company might have to
increase
its fixed assets; however,
small yeartoyear changes in
sales do not affect the
fixed assets.
Current
liabilities include accounts
payable, short term portion of
long term liabilities and
accrued
expenses. Current liabilities
like current assets are
assumed to grow proportionally
with any
growth
in sales. If the sales of a company
increase by 30 percent, its current
liabilities would
also
increase
by 30 percent. Current liabilities are
also called spontaneous
financing since they move
in
direct
relation with changes in
sales.
However,
the long term liabilities, also
known as discretionary financing, do
not directly change
in
proportion to the changes in sales
revenue.
In
order to have a better understanding of the
aforementioned concepts, let us
take into
consideration
a numerical example.
Example:
Assume
that you are establishing
cafeteria as a new business venture. In
order to get your
project
funded you would be needing
capital. In addition, you
would also need to forecast
how your
business
would generate revenues and
incur expenses in the coming
years.
Suppose
you expect the Sales Revenue from
your Café (or Canteen) business to
grow from Rs
200,000
to Rs 300,000 and your Expenses to
grow from Rs 50,000 to Rs
70,000 after 1 year.
These
forecasts
can be based on the business
environment in which the business
operates, competition faced
by
the business, marketing efforts and
activities of the business and the
target market.
The
first thing we need to calculate
here is the sales growth rate.
The increase in the sales in
Rupee
terms
is 300,000200,000=Rs.100, 000. The
sales revenue has increased up to
rupees 100,000 rate of
increase
is 50% as present sales were
Rs.200, 000.
This
means that the Sales Revenue
growth rate is:
(300,000200,000)
/ 200,000 = 0.5 = 50%
Similarly
an increase in expenses of Rs 20,000
shows that the rate of increase in
expense is 40%
(i.e.,
increase of Rs 20,000 in expenses
divided by the expenses in year
one).
After
forecasting the growth rate in
revenues and expenses, the
next step is to estimate the
changes in
investment
and financing (i.e., changes in
assets and liabilities).
In
order to estimate these
changes, we would need to calculate a
few ratios.
In
order to estimate the current
assets for the next year, we
need to calculate the ratio
current
asset
to sales for the current
year. In order to arrive at the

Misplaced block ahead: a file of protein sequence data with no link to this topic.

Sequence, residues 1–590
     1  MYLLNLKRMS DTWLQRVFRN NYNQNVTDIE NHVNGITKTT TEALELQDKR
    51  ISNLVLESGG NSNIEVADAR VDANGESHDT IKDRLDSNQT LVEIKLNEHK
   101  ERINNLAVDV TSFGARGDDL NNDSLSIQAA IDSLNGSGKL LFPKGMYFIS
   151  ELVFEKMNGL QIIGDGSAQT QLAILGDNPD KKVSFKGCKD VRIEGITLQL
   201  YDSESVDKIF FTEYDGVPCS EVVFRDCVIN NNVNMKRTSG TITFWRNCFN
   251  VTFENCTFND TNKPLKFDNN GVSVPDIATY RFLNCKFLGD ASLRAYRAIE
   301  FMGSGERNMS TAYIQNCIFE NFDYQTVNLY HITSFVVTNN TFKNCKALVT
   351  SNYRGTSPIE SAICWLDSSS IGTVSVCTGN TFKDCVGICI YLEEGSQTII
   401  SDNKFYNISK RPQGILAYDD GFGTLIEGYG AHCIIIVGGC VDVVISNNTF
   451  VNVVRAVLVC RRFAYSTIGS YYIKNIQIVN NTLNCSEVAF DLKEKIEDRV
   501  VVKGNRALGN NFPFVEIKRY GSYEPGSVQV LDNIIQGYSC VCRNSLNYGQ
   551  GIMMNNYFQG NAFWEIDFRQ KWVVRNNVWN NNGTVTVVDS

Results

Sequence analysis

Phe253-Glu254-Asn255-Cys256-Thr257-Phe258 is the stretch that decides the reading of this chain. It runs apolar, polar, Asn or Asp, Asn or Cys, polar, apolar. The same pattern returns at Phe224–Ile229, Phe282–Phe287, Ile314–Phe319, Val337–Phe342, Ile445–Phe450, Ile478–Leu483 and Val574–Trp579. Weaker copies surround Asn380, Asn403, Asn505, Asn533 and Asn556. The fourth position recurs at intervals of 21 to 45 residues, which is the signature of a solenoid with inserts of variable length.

estimate of current assets
for the next year we
would
simply multiply the estimated sales
for the next year with the
ratio.
Estimated
current assets for the
next year
=
[Current assets for the
current year/Current sales] x Estimated
sales for the next
year
If
we assume the current assets/sales
ratio to be 20 percent, putting in the values in
the
aforementioned
equation, we get
Current
assets for the next year =
300,000 x (0.2) =
60,000
This
shows that with an increase
in sales of Rs 100,000, the current
assets of the cafeteria are likely
to
increase
as 20 percent of the sales.
We
will assume here that there
is no change in the fixed assets. As
mentioned earlier,
fixed
assets
do not change with
yeartoyear changes in sales,
however, over a period of
time, the fixed
assets
may
be increased as the business requires
expansion.
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Financial
Management MGT201
VU
The
next step is to forecast the
retained earningsthe amount of profit
which would be
reinvested
in the business. Retained earning
forecasting is important so that
any shortfall in cash
could
be
identified and the amount of external
financing necessary for the
business could also be
assessed.
Retained
earnings can be estimated using the
following formula
Expected
Estimated retained earnings
=
estimated sales x profit margin x
plowback ratio
Plow
back ratio=1pay out
ratio
Pay
out ratio=dividend/net income
Profit
margin=net income/sales
Here,
we assume that the profit
margin ratio is 25 percent, whereas
payout ratio of the cafeteria is
50
percent
Estimated
retained earnings = 300,000 x 0.25 x
(10.5)
=75,000*(10.5)
=Rs.37, 500
Rs
37,500/ is predicted retained earnings
amount which should appear in the
pro forma balance sheet.
It
shoes
that half of the income will
be distributed among the owners & the other
half will be reinvested.
Now
let's forecast the external or
discretionary financing (external
financing), since we
have
estimated the revenues and expenses of
the business, the changes in assets
and the part of the net
income
that is to be reinvested in the
business.
The
formula will be used:
Estimated
discretionary financing
=
estimated
total assets estimated
total liabilities estimated
total equity
Estimated
total equity can be found
out by adding the retained earnings
plus initial
investment.
The business was started
with an initial investment of Rs
100,000 and then after one
year of
operations
the earnings retained out of the profit,
i.e., Rs 37,500 would be
added to the equity. Hence
the
total equity is Rs